2016 has been a year of political surprises in the United Kingdom and the United States. The UK voted to leave the European Union in a referendum on 23 June and Donald Trump won the US presidential election on 9 November.
Financial markets were totally wrong-footed in both instances and everything seemed to plunge in the immediate aftermath. Yet there was also a quick turnaround, which was equally unexpected.
The Straits Times Index (STI) ended the year nearly flat or just 0.07% lower at 2,881, which is quite remarkable considering all the bad news it has been hit with throughout the year.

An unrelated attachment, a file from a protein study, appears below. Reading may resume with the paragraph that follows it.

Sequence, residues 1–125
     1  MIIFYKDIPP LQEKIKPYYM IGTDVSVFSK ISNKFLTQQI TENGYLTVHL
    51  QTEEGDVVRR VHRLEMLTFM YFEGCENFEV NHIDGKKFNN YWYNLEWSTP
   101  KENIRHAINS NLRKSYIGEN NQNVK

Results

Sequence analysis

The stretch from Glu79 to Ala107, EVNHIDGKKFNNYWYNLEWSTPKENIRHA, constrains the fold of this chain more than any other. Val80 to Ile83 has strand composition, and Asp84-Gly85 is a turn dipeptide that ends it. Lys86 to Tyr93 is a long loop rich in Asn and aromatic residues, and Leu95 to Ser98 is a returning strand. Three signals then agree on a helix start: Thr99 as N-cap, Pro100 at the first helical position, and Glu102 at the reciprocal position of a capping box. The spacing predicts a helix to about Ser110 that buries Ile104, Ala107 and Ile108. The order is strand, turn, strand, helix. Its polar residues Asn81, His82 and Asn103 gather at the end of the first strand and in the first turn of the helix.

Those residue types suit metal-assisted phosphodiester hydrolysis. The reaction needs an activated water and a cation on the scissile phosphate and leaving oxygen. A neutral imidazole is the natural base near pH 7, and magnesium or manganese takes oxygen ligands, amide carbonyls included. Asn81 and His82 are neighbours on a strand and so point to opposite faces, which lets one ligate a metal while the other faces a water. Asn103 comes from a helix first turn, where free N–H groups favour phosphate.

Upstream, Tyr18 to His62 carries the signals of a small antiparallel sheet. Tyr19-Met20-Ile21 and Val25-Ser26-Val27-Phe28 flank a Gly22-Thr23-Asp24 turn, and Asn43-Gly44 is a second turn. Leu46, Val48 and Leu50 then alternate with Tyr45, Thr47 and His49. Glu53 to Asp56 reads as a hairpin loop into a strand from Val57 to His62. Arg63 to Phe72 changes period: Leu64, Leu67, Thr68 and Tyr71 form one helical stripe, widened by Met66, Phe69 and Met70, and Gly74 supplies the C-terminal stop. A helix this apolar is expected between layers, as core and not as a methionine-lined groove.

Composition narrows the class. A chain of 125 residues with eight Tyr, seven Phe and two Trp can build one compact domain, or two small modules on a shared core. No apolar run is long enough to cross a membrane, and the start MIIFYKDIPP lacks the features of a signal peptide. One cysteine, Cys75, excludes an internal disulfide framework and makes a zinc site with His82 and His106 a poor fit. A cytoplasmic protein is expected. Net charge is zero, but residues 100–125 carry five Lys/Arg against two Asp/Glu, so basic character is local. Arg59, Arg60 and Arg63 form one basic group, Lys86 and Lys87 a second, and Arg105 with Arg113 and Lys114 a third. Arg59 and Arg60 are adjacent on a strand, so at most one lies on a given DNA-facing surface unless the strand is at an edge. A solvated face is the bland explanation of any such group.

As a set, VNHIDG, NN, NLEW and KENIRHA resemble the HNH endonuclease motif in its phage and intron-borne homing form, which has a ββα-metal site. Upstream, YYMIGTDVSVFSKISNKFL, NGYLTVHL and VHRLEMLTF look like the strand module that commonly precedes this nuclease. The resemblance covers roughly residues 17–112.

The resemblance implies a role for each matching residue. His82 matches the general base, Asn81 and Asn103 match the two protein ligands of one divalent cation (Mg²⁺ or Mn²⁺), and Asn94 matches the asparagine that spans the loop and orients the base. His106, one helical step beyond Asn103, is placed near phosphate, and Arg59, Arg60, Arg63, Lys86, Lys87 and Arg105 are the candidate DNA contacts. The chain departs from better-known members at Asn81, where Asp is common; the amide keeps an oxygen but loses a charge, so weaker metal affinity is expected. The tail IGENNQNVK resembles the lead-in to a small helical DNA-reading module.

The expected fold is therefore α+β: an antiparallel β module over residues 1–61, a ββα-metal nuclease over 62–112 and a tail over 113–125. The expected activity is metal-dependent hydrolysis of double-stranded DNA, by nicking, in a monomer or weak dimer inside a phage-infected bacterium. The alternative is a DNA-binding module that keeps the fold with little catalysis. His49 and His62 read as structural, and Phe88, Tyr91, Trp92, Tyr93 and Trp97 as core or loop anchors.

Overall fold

Exactly a year ago, I had predicted that despite the challenging economic outlook, the downside for the STI would be limited due to its attractive valuation.
For 2017, the main risk for global financial markets is, in my opinion, souring international relations, especially between the US and China.
The fragile global economy can little afford its two biggest economies engaged in diplomatic, trade or even armed conflicts. In spite of this, there are still reasons for the STI to perform better.
Improving macroeconomic environment
First of all, the global macroeconomic picture is generally better. Going by official GDP data, China has been able to avoid a hard landing thus far, growing at about 6.5%.
The US economy continues to improve, so much so that the Fed is now projecting to raise interest rates three times instead of twice in 2017.
Commodity prices have recovered significantly from their lows in early 2016. Oil prices are currently hovering at above US$53/barrel, 70% higher than its lowest price level of about US$30/barrel.